- Getting Around
- About FOSS4G
OpenSource and the Common Operating Picture (COP)
Steve Swazee, www.sharedgeo.org
Bob Basques, www.sharedgeo.org
Faced with the need to support security efforts involving multiple cities, counties, and levels of government for the 2008 Republican National Convention (RNC) in the Twin Cities Metro area, with limited access to Federal geospatial systems, members of the Emergency Preparedness Committee (EPC) of the Minnesota Governor¿s Council on Geographic Information undertook development of their own Common Operating Picture (COP).
Built on an open source software platform called GeoMoose, the system was unique in its ability to display geospatial information as maintained and controlled by the original data providers. This web-based product was used by members of the EPC at the U.S. Secret Service Multi Agency Communication Center, Minnesota State Emergency Operations Center, and several metro-area county and city Emergency Operations Centers. By the time the RNC took place, the system was hosting over 160 layers of visualization data provided by contributors ranging from Federal to local. After this RNC experience, SharedGeo was established as a Minnesota nonprofit in an effort to support collaborative projects and advance geospatial system design/implementations in a way that increases the exchange of information for the common good.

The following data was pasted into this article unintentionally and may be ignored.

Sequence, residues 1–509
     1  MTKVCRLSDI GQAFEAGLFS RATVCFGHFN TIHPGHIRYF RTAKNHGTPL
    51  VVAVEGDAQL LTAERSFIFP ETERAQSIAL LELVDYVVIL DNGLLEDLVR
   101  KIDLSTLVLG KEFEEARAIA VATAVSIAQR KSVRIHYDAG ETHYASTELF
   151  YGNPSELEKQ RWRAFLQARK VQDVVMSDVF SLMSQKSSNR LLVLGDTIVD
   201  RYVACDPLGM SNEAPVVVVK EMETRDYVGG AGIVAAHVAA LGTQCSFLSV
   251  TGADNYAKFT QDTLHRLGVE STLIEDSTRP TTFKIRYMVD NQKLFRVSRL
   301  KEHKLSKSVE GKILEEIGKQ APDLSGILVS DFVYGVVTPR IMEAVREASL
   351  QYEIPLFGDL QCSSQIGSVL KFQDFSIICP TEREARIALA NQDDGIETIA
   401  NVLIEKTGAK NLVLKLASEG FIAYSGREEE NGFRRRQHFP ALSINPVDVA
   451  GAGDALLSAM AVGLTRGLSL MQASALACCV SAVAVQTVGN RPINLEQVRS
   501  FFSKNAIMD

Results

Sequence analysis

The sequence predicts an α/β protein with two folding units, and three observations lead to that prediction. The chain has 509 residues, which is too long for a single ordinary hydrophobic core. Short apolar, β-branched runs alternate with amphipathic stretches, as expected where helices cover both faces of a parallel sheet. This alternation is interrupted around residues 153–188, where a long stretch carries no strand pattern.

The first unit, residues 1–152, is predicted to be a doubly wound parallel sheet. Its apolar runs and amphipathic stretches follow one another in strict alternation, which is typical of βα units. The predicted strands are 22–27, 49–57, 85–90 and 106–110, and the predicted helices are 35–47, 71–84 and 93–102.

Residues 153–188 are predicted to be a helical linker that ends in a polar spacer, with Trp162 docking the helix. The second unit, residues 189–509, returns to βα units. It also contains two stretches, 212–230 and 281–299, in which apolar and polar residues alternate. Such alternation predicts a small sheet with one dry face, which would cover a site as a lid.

This use of the OpenSource GeoMoose project has led to it's adoption by many City, County and State organizations across the country. The ease with which the mapping interface can be set combined with it's flexibilty provides user with a framework for maintaining and managing the upkeep of their data. The result is a very attractive collaborative publishing environment.
Situational awareness tools are integrated into GeoMoose, U.S National Grid, readouts with local coordinate systems as well as latitude and Lonigtude, all displayed side by side.
Follow this case study that looks at how GeoMoose and other behind the scenes open source packages, such as PostGis, GDAL, and Ruby can come together to solve emergency response issues and provide for a very high level of geospatial awareness.